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Bachelor Thesis from the year 2020 in the subject English Language and Literature Studies - Literature, grade: 1,3, University of Frankfurt (Main) (Institut für Anglistik und Amerikanistik), language: English, abstract: This paper will shed light on the different construction of monsters used by Bram Stoker in Dracula and Robert Louis Stevenson in The Strange Case of Dr Jekyll and Mr Hyde, mirroring contemporary fears and social circumstances: Although both monsters can be associated with the discourse of degeneration and consequently otherness and parasitism, Dracula functions as an external…mehr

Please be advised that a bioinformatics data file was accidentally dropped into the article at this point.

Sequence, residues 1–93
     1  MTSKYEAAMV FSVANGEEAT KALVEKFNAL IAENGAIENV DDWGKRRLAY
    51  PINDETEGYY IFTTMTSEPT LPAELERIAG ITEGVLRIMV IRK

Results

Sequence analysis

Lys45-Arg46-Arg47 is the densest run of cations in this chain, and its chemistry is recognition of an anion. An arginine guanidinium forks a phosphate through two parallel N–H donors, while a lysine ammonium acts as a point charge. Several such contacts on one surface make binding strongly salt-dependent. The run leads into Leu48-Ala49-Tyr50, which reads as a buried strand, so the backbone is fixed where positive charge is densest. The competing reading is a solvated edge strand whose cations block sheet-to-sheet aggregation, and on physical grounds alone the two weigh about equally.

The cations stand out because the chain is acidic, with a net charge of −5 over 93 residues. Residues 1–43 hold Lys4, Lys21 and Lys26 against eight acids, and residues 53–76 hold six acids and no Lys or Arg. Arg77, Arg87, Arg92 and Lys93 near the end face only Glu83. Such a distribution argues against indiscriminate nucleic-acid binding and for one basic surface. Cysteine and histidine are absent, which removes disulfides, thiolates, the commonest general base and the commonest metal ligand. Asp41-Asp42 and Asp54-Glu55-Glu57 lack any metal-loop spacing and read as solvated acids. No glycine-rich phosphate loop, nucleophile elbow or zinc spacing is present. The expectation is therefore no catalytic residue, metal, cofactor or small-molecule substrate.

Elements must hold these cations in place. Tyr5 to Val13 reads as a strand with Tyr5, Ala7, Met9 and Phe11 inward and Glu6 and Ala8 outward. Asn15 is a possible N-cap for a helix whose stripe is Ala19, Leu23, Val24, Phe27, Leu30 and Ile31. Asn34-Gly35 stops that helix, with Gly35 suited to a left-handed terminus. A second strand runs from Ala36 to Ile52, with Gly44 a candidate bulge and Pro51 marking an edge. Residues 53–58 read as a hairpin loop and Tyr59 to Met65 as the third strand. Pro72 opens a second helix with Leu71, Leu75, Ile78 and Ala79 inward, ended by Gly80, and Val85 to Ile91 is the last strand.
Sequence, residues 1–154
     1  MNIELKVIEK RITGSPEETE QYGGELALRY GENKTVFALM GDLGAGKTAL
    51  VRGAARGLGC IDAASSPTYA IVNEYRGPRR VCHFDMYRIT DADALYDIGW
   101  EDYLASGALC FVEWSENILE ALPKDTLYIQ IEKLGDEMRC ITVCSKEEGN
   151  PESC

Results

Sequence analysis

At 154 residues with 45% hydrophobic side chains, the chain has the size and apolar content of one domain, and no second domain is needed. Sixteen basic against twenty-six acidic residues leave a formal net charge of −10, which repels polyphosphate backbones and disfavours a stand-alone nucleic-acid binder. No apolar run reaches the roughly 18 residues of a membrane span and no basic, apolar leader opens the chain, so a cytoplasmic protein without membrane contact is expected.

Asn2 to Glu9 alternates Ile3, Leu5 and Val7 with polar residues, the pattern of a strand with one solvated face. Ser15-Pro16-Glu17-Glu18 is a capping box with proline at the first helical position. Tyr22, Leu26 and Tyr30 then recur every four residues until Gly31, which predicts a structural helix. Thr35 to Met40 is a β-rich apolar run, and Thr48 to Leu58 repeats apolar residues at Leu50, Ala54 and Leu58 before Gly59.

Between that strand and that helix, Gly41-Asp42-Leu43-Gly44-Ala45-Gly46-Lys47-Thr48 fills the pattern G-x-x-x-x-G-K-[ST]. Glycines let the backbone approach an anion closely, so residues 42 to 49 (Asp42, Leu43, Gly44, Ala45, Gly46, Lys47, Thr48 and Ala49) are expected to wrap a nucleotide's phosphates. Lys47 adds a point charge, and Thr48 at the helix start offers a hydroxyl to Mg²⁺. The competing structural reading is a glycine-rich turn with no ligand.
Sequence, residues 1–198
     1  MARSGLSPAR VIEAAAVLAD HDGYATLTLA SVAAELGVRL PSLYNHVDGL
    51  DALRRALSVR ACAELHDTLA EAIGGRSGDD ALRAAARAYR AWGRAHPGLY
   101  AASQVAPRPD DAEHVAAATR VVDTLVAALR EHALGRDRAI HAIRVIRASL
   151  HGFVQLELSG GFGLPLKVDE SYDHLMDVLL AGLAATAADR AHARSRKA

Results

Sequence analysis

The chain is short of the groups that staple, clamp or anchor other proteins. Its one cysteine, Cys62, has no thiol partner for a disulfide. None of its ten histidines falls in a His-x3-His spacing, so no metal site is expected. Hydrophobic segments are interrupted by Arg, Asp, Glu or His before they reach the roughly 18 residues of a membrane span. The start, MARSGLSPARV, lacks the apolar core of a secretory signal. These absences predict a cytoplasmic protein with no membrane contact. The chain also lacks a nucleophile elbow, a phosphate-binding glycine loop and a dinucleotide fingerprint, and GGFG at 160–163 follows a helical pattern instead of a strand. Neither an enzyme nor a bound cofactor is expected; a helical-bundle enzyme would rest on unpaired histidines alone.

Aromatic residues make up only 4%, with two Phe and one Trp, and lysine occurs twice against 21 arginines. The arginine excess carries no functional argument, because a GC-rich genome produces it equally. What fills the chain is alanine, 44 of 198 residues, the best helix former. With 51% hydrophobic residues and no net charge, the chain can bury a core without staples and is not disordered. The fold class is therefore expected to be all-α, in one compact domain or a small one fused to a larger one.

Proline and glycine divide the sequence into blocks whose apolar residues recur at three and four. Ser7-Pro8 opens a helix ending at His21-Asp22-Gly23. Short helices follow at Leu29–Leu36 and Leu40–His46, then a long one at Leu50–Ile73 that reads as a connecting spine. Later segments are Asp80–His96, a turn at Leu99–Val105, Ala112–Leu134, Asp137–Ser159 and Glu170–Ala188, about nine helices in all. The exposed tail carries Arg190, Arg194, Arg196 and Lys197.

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Bachelor Thesis from the year 2020 in the subject English Language and Literature Studies - Literature, grade: 1,3, University of Frankfurt (Main) (Institut für Anglistik und Amerikanistik), language: English, abstract: This paper will shed light on the different construction of monsters used by Bram Stoker in Dracula and Robert Louis Stevenson in The Strange Case of Dr Jekyll and Mr Hyde, mirroring contemporary fears and social circumstances: Although both monsters can be associated with the discourse of degeneration and consequently otherness and parasitism, Dracula functions as an external monster, while Hyde represents the monster from within.The faces of Gothic villains are prime examples for degenerate evil. Bram Stoker's Dracula and Robert Louis Stevenson's The Strange Case of Dr Jekyll and Mr Hyde both show the implementation of the fear of degeneration in Gothic literature. As Judith Halberstam claims, "[m]onsters are meaning machines", explaining that their bodies and behaviours function as symptoms of or a response to various cultural, historical, or political problems, including gender, class, race, nationality, and sexuality. She states that [m]onsters and the Gothic fiction that creates them are therefore technologies, narrative technologies that produce the perfect figure for negative identity. Monsters have to be everything the human is not and, in producing the negative of human, these novels make way for the invention of human as white, male, middle class, and heterosexual.